|Hockey sense is the platform for success for versatile forward Erik Condra, who's been compared favourably with former Senators centre Chris Kelly in terms of playing style (Andre Ringuette/Freestyle Photography/OSHC).
The comparison, it might be suggested, makes plenty of sense.
Even if Erik Condra isn't exactly ready to buy into the theory behind it all just yet.
But the parallels between the 25-year-old forward and one of his predecessors in an Ottawa Senators jersey are just too many to ignore. That they happen to wear the same number ... let's just say it adds even further to the intrigue.
This much, however, might just be true. When the Senators dealt away versatile centre Chris Kelly to the Boston Bruins back in February, it opened up a window of opportunity for the young man who gives every indication that he just might be Kelly's mirror image.
"(Condra) sees the game just like Chris Kelly," said Randy Lee, the Senators' director of hockey operations and player development. "And Chris Kelly was another guy who played in Binghamton, who everybody thought was a good minor league guy but wasn't sure he could make the next step because he wasn't the prettiest skater.
"But he just sees the game so well, and Chris Kelly was a pretty effective player for the Boston Bruins and I'm sure they appreciated him. Erik Condra is the same type of player."
When that line of thinking is presented to Condra, he's willing to go along with its validity — even if he might not yet be ready to embrace it fully.
"He's a very smart hockey player and he's a centre," the native of Trenton, Mich., said in describing Kelly. "I'm a winger, which is a totally different position. I think I'm a smart hockey player, too. I can read the game and I know where to be and when I should be there, and I'm smart defensively, as well.
"I'm not sure if I'm the new Chris Kelly, but I try to be smart and be in the right position."
It's that hockey sense, Lee will tell you, that has gone a long way in helping turn Condra — a seventh-round pick (211th overall) in the 2006 NHL Entry Draft — into a bona fide National Hockey League talent.
"He's a bright guy off the ice," said Lee. "But hockey sense is different. Some guys are very smart, but don't have the best hockey sense. He has very good hockey sense — he anticipates well. He's very receptive, very cerebral in the way he processes the game. He's one of those guys that coaches love to work with because they know what they want done, he'll be doing it.
"His angles are right, he uses his feet well, his stick is always in the right position, he anticipates ... he never puts himself in the right position."
You'll hear the same type of raves about Condra's play from Binghamton Senators head coach Kurt Kleinendorst, who learned all about his value during the B-Sens' drive to a Calder Cup crown last season.
"Without hockey sense, you could be the best skater in the world, and that skating is going to be neutralized by the fact you're not an intelligent hockey player," said Kleinendorst. "For me, if I was evaluating (Condra), his hockey sense would be No. 1 on my list and then from there, the skills would start to fall into place.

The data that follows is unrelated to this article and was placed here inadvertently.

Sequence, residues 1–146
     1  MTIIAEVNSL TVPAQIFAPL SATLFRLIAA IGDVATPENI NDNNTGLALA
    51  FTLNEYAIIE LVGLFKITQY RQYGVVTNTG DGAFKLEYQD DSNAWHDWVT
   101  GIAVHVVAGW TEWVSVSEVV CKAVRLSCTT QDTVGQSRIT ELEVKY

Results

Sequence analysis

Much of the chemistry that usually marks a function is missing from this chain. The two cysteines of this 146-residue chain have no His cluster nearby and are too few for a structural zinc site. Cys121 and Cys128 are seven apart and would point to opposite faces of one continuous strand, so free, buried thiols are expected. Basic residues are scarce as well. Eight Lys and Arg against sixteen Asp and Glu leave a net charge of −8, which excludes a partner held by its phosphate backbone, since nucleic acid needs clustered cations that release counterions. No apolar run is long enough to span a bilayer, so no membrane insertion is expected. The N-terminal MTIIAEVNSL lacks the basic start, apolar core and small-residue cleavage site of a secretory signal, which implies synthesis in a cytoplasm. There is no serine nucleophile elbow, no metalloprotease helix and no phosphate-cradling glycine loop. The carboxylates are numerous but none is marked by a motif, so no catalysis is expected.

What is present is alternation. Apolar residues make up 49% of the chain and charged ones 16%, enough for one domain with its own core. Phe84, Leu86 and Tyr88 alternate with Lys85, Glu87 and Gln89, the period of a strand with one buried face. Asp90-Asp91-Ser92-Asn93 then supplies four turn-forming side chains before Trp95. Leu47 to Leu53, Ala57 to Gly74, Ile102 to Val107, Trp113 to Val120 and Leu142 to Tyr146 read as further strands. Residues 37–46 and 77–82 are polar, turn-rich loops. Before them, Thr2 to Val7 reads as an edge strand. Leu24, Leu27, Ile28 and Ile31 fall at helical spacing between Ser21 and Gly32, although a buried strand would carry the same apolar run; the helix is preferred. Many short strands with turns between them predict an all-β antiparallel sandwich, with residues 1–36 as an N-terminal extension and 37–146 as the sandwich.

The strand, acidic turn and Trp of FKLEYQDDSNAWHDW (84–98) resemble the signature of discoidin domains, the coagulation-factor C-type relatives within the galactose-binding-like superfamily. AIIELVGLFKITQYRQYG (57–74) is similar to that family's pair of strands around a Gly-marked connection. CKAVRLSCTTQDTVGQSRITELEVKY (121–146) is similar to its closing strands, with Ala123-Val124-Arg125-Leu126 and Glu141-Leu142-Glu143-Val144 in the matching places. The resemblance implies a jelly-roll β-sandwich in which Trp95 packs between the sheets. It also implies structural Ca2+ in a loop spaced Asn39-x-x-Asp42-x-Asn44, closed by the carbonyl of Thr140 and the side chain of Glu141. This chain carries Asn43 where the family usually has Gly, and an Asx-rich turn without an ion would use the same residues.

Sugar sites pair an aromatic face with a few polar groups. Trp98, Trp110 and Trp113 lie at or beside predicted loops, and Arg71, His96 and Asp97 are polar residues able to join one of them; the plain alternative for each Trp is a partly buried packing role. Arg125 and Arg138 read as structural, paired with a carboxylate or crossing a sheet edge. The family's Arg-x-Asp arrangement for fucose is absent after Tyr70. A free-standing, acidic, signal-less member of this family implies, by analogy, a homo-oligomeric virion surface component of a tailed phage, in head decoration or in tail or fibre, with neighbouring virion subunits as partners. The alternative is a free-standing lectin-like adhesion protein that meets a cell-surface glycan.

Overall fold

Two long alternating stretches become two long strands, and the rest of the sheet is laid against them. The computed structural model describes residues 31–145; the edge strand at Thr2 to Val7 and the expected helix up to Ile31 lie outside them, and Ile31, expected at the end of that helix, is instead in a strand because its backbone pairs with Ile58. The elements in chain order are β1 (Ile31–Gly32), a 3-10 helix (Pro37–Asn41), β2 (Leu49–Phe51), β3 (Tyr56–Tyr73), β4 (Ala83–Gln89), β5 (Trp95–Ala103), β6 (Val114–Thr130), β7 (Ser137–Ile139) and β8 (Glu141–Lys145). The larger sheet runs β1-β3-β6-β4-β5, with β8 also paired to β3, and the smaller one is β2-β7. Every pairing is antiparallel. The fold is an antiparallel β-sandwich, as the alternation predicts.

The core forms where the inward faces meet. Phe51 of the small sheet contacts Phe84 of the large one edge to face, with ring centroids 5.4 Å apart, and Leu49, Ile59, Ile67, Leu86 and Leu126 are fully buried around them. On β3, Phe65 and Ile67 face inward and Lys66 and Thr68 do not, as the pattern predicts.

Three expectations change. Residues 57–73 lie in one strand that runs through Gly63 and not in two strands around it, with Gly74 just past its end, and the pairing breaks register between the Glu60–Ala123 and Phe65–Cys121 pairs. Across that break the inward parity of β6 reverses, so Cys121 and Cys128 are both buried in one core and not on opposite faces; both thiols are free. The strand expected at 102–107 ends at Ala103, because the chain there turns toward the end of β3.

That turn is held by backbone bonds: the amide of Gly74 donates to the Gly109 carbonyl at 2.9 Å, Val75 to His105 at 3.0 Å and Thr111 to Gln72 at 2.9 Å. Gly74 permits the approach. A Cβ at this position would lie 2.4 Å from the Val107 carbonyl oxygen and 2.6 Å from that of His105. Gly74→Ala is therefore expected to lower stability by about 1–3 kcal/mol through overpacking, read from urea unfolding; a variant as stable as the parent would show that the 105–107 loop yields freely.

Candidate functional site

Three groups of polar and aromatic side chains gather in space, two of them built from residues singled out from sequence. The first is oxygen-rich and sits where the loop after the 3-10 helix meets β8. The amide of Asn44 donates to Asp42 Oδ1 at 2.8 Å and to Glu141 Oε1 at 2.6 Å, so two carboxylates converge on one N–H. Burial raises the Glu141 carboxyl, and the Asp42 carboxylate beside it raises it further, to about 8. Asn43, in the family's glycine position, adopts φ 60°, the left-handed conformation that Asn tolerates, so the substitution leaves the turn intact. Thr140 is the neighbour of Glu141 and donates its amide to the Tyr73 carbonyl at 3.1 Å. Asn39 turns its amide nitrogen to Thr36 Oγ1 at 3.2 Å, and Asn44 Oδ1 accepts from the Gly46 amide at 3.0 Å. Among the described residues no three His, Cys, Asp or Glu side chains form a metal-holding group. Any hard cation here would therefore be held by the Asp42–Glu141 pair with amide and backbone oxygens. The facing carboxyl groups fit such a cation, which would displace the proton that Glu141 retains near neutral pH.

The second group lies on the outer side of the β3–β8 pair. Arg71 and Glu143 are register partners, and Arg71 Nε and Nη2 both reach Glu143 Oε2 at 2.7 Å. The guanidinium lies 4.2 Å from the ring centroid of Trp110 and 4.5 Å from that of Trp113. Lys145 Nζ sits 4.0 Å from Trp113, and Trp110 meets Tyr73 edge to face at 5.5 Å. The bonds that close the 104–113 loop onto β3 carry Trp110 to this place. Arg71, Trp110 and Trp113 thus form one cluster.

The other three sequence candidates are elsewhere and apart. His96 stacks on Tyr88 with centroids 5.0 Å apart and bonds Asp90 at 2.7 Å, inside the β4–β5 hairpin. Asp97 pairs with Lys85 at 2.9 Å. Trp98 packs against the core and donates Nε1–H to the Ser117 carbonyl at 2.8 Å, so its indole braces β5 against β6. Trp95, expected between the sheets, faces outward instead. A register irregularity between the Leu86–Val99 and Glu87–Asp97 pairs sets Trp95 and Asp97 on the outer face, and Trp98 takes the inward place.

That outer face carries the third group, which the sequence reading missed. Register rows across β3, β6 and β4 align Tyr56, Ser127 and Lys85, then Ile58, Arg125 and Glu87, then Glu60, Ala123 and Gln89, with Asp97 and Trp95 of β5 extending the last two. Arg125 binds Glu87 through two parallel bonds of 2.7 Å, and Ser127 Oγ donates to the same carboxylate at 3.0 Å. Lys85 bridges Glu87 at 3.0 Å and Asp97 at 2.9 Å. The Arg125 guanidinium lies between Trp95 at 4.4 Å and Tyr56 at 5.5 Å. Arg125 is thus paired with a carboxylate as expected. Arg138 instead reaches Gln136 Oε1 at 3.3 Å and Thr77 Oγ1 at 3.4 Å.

"If you take a look at where he was late last year and the way we used him, you could tell he was somebody we appreciated as a staff, because we used him in all situations."
Condra saw 26 games worth of duty in Ottawa down the stretch last year, producing six goals and 11 points. The Senators were so impressed with his all-around play, they rewarded the University of Notre Dame grad with a two-year, one-way contract.
"It showed I could play at this level and compete and be an impact player," said Condra, who wasn't always certain he'd reach this point. "When I was in college or even my first year of pro, you look at these (NHL) guys and you see their skill and you see how well they play. There's some days when you don't think you can ever make it. But when you play with them, you get that confidence and you realize 'wow, maybe I can do it.'
"I was given a great opportunity last year and I think I made the most of it. Hopefully, I can ride that into this year."
While Condra's skating ability was his biggest hurdle to overcome, Lee credits the young right-winger with doing the work necessary to improve that area of his game. It allowed his hockey sense to truly come to the fore.
"I talked his coach, Jeff Jackson, at Notre Dame and he said (Condra) is one of the smartest players he's ever coached at any level," said Lee. "And he's that smart a guy ... He knew he had to improve his skating to take it to the next level, to be able to use his hockey sense at the NHL level. And he's done that."
Kleinendorst sees a player who's determined to continue that growth curve.
"It starts with his character," he said. "He's just such a good person and he does everything well. If you watch him real close, he's a little bit sneaky, too. His skating is much better than you first think it is. He handles the puck very well. He's intelligent with or without the puck. He's disciplined.
"(Condra) understands what it means to be a pro and what he has to do to be a quality pro. I honestly don't think I could find that many weaknesses. That's not to say there's not room for him to get better. He's a young pro, but I just feel like there are a lot of good qualities to his game. Moving forward, he's the kind of guy who's going to challenge himself every day to get better. And he will."
Oh, and that choice of number ... Condra admits it's actually his Plan B.
"I've been wearing 11 all my life," he said. "Obviously, I wasn't going to get it here (it belongs to Senators captain Daniel Alfredsson), so I thought doubling 11 was going to be similar."
Smart thinking there, it might be said. And yes, in more ways than one.